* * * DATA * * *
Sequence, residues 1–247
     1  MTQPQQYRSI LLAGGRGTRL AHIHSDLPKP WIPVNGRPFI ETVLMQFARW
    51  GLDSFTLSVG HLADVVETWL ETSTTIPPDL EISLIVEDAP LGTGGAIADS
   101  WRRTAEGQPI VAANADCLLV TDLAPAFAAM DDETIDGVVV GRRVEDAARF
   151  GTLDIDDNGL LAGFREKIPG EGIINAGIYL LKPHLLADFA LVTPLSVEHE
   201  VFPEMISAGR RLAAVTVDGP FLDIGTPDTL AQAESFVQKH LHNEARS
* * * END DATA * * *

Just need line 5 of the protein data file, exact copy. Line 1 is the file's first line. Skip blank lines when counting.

   151  GTLDIDDNGL LAGFREKIPG EGIINAGIYL LKPHLLADFA LVTPLSVEHE